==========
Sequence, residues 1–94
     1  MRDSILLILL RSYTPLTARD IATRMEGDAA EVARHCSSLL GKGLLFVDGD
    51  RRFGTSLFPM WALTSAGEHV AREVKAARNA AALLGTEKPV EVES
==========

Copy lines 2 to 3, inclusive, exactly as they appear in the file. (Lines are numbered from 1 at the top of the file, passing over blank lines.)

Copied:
     1  MRDSILLILL RSYTPLTARD IATRMEGDAA EVARHCSSLL GKGLLFVDGD
    51  RRFGTSLFPM WALTSAGEHV AREVKAARNA AALLGTEKPV EVES